Longbow Arch | Moab

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Longbow Arch is a moderate hike to a beautiful arch near Moab. This hike goes right past the Poison Spider Dinosaur Trackway, as well as some beautiful petroglyphs. This trail is moderate due to full-sun exposure as well as some narrow trails and rocky scrambles over tough terrain. Still, three rewards for one hike make this 2.5 mile hike well worth it. We really enjoyed the Longbow Arch Trail. (Note: some sites list this trail as 2.2 miles, but if you take the short detour to the petroglyphs as described, it totals 2.5 miles roundtrip.)

We had a great time on the Longbow Arch trail!

Where to find Longbow Arch

There is a large parking area for Longbow Arch and Poison Spider Dinosaur Trackway. This is also a popular jumping-off spot for an ATV trail, so you’ll see (and hear) them as they start along their trail. This parking area is along the Potash Road which is just north of Moab. Drive 6.0 miles down this road to the Poison Spider parking area. There is a sign directing you to drive up a steep gravel road to the parking lot.

The hike heads straight over and then up those rocks.

Poison Spider Dino Tracks & Petroglphs Trail

The trail to Longbow Arch in Moab heads straight up to the dinosaur trackway, which you can see from the parking lot. It is fairly steep, and a little bit treacherous, but we found it easy, even with a baby in a backpack many years ago. Just remember not to touch the rock that the tracks are on. You can take pictures from right below it, and the tracks stand out beautifully. You can read more about the dinosaur tracks and petroglyphs on our blog post about them.

We like to go to the dino tracks and petroglyphs, and then continue to Longbow Arch.
Here are some of the dinosaur tracks.

The trail gets a bit confusing when you climb to see the petroglyphs. You can go either right or left around the trackway. We went right and climbed to the narrow ridge that runs along the upper wall. The petroglyphs are on the upper wall. Make sure to stay back and take only pictures as you look. The petroglyphs run about 100 yards along this wall, and the array is quite impressive. They are really beautiful.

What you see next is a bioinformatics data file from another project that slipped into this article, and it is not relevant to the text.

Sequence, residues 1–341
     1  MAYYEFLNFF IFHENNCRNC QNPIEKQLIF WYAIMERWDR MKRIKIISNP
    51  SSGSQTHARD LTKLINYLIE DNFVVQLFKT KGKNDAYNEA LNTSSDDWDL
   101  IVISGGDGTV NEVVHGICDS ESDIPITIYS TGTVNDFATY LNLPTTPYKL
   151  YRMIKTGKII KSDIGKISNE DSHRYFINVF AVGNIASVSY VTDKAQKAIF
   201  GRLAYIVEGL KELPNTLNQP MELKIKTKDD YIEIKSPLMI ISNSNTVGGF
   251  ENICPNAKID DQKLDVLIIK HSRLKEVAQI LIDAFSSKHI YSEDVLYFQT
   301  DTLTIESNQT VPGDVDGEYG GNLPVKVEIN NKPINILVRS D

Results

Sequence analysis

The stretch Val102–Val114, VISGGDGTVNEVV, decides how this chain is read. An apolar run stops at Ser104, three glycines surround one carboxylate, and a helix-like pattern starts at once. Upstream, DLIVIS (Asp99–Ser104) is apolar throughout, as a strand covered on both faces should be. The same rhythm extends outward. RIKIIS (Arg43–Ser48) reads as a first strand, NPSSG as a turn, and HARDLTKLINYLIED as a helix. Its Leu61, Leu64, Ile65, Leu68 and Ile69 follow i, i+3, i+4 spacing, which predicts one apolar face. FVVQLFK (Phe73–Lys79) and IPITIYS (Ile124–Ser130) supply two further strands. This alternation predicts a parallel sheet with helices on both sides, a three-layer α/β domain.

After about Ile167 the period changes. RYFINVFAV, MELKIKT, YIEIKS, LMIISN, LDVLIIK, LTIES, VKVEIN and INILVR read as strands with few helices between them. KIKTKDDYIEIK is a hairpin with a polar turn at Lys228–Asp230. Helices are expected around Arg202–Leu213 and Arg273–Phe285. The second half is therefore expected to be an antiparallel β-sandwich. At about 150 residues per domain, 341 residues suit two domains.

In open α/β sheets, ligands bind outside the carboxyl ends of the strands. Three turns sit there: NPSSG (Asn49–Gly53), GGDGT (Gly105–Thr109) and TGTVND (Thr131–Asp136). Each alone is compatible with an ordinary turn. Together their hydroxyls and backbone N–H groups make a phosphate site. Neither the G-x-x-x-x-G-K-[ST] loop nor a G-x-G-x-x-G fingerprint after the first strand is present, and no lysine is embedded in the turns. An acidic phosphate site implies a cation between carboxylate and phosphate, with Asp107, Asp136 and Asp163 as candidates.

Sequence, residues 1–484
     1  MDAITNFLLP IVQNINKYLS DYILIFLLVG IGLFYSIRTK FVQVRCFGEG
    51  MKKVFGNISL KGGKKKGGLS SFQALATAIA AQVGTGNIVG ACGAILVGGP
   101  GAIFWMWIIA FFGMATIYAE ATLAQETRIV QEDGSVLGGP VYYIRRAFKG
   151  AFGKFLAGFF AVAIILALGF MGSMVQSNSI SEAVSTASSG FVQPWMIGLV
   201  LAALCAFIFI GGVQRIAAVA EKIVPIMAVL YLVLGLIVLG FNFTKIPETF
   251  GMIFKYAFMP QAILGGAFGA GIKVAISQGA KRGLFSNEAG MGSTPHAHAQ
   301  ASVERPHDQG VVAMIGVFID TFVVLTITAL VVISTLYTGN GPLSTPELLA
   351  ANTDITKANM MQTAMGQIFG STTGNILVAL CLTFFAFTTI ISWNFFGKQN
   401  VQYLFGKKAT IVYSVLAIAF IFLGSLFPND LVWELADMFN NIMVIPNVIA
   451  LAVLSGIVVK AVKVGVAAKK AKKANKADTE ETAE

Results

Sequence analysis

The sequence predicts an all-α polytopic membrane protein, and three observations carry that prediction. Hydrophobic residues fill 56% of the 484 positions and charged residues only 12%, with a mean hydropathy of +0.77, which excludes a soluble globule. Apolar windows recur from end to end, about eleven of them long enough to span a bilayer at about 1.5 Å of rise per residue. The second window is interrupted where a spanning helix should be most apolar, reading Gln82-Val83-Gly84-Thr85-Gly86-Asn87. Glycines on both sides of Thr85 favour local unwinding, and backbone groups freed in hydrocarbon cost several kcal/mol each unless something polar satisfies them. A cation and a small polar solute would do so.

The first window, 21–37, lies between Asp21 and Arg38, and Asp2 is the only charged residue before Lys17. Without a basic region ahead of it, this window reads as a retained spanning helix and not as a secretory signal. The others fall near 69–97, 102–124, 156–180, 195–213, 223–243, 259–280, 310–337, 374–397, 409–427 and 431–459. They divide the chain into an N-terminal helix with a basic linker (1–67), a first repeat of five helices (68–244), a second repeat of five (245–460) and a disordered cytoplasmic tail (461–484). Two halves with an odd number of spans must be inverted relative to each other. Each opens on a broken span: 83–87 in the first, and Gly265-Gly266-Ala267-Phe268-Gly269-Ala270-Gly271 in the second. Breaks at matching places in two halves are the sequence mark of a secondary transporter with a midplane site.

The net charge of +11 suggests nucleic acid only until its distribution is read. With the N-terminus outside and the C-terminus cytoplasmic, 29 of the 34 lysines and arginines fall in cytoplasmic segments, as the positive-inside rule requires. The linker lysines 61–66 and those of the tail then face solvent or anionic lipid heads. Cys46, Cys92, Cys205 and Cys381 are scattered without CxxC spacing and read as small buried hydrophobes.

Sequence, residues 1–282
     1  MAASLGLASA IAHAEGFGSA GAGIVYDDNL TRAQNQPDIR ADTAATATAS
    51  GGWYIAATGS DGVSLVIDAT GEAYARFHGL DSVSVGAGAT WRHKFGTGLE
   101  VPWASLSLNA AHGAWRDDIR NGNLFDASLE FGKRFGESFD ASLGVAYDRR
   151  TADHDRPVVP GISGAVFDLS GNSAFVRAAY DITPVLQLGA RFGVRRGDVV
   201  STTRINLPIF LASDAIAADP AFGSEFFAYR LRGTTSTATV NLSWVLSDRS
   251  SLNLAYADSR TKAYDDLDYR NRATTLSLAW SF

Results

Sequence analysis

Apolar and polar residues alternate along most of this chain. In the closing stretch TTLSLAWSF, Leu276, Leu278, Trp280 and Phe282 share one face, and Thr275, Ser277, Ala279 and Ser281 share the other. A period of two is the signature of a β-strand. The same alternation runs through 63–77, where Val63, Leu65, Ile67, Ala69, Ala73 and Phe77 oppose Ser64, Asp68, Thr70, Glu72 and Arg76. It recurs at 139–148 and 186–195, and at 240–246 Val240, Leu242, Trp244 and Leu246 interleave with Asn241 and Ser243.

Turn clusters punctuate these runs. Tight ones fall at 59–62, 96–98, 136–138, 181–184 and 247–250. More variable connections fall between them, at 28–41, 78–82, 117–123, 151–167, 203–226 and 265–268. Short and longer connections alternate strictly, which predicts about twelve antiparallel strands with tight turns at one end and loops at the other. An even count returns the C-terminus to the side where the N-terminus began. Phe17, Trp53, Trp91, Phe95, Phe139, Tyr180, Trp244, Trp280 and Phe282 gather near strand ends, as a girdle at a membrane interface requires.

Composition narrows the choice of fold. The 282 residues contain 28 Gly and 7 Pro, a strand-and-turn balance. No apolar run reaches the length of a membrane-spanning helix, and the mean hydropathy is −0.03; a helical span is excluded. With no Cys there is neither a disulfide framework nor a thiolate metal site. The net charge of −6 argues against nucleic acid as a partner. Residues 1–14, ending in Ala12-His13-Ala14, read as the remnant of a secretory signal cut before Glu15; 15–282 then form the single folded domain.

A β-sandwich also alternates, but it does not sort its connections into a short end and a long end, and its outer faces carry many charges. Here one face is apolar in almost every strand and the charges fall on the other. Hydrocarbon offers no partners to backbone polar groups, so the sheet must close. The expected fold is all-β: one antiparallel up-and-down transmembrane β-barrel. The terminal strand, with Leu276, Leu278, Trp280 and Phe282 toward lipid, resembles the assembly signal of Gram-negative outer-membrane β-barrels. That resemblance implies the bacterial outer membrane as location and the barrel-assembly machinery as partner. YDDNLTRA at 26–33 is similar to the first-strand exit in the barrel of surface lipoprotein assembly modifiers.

There are petroglyphs all over up above the dinosaur tracks.

Longbow Arch Trail

After checking out those two things, you could just head back to the car and call it a day. That would be fine, but Longbow Arch awaits. There is a sign showing where to begin the trail over to Longbow Arch. The trail has you work your way around to the left of the cliff face. Eventually, you come to a narrow gap and the trail goes up through that gap straight up the slick rock. There are metal stairs welded into the cliff to help you. You’ll also notice green paint tracks that mark the way. This is important, because later on, the trail goes over the slick rock with only the green footprints to mark the way.

As you can see, the footing is a bit difficult through this section.
Watch for the signs to get you headed the right direction.
There are green footprints to Longbow Arch, so watch for green paint on the rocks.
This is the slick rock climb.
These handholds help you up the trickiest part.

Eventually you come out on the relatively flat, slick rock summit of the hill. From here, it is just gently up and down to the foot of Longbow Arch. There is some walking through sand. There is very little shade as the trail traverses the top of the mesa, but you may find the occasional juniper to rest near to cool off. Most of the 1.25 miles to the arch are across this flat surface.

Make sure to enjoy the beautiful views along this trail, too.
The green footprints even show you the best way up the rocks.
There is quite a bit of slick rock walking.
And lots of sand hiking, too!

The trail finally turns to the right and the arch comes into view. Longbow Arch is rather large, and it is nestled up against the mountain, which makes it an alcove arch. This is a great place to take a few pictures and turn around. However, you can climb the last tenth of a mile into the arch. It is quite steep, but follow those green footprints into the narrow canyon. They take you up past the arch, and then you climb back into it. Once you are in the arch, you can’t see it quite as well, but this is where you finish the hike.

The trail turns and you can see Longbow Arch up in the rocks.
Can you see our son standing in the rocks? This arch is quite large!
You can stand right underneath the arch.
In the morning, you can find shade under the arch, but the rest of the day it will be in full sun.

We only saw a few other people on the trail to Longbow Arch in Moab. There were many more who visited the Dino tracks and turned around, like we did on our first visit with toddlers. If you’re lucky, you may find solitude here on this trail. We would recommend hiking early or late in the day to avoid high heat since there is no shade. Take lots of water and wear a hat. We also recommend good hiking shoes with nice traction for climbing on the slick rock. Here are our favorite waterproof ones. If you are looking for more ideas of things to do in Moab, check out our post of family-friendly ideas in the Moab area.

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